Mark Catesby's First Journey
Catesby was fortunate enough to have the means to travel to America. Accompanied with his sister, he first depart London for the New World in 1712. While his sister had the intentions of visiting her husband who had founded a medical practice in Williamsburg, VA, Catesby had much different intentions. He finally had the opportunity that no other European naturalist had, to explore the natural history and wildlife of the New World.
Once arriving to America, Catesby’s brother-in-law, who happened to be a close acquaintance with Lieutenant Governor Spotswood, introduced him to many important landowners, government and military personal. With the help of these individuals, Catesby was able to quickly depart from his original home-base in Williamsburg, and move inland to explore the unseen scenery to any European. He quickly found an interest in surveying the natural life of the James River, which ran throughout Virginia. He spent a significant amount of time looking at the plants that grew throughout the state, and illustrated all of his findings. He had a unique method that helped amplify the variety of nature he saw: “My method is never to be twice at [the same] place in the same season for if in the sp[ring] I am in the low Country [in the Sum]mer I am [at] the hea[ds] of the rivers the next Summer in the Low countrys, so alternating that in 2 Years [I visit] the two different parts of the Country” ( Meyers, 8). After spending two years in Virginia, he ventured to the West Indies, primarily staying in Jamaica. Here, he continued to explore the natural productions, mainly plants and fish.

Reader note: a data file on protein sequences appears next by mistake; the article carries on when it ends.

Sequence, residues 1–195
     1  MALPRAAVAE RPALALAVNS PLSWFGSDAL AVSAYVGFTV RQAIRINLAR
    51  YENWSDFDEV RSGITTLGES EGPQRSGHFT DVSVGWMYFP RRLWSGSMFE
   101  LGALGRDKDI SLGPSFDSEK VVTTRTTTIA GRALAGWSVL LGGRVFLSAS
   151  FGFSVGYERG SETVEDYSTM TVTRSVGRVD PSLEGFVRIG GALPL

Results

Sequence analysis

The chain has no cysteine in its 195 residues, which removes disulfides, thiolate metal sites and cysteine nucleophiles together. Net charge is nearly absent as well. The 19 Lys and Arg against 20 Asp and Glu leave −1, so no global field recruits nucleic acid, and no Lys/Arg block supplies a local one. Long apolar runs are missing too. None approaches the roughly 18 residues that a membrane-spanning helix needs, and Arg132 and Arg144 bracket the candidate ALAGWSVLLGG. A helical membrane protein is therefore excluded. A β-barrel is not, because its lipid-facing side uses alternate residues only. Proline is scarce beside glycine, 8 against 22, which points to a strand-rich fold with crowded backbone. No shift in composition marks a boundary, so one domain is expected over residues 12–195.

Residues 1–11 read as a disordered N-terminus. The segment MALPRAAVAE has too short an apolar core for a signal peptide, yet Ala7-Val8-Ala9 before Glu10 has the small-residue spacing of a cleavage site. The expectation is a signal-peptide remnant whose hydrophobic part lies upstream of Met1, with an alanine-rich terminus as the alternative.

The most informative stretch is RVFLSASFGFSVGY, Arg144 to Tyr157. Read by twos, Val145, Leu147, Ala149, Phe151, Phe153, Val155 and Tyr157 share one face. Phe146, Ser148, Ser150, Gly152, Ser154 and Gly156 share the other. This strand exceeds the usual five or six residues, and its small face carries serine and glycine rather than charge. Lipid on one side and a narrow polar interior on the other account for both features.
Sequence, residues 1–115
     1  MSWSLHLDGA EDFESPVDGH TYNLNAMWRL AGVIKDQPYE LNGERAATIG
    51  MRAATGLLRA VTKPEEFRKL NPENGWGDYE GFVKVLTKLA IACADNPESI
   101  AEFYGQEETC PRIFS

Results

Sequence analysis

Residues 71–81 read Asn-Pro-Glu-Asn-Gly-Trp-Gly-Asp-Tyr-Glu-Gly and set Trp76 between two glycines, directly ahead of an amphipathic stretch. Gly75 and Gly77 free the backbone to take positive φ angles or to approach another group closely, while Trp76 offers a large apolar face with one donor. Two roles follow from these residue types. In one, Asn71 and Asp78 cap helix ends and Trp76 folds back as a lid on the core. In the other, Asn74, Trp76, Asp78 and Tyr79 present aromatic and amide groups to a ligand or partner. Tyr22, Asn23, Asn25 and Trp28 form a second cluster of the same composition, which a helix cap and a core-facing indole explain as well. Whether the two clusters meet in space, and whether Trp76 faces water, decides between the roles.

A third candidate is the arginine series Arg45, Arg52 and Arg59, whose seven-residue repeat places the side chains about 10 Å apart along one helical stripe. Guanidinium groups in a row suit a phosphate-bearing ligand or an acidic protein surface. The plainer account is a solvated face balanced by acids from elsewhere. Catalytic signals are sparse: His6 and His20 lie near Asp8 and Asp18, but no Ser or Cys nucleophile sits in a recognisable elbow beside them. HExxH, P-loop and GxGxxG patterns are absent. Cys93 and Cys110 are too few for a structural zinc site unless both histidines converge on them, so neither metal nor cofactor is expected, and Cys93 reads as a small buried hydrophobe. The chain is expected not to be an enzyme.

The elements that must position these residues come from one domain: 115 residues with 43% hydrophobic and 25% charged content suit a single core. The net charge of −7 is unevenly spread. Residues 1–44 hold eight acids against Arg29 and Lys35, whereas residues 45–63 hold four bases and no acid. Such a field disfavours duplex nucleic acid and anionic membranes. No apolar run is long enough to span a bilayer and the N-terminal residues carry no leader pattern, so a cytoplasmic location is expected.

"Catesby's Natural History of Carolina, Florida, and the Bahama Islands." Catesby's Natural History of Carolina, Florida and the Bahama Islands. Accessed May 22, 2015.http://www2.lib.unc.edu/dc/catesby/about.php
Meyers, Amy, and Margaret Pritchard. Empire's Nature: Mark Catesby's New World Vision. Williamsburg, Virginia: Omohundro Institute, 1998.
Catesby, Mark, and George Frederick Frick. The Natural History of Carolina, Florida and the Bahama Islands. Savannah, Ga.: Beehive Press, 1974.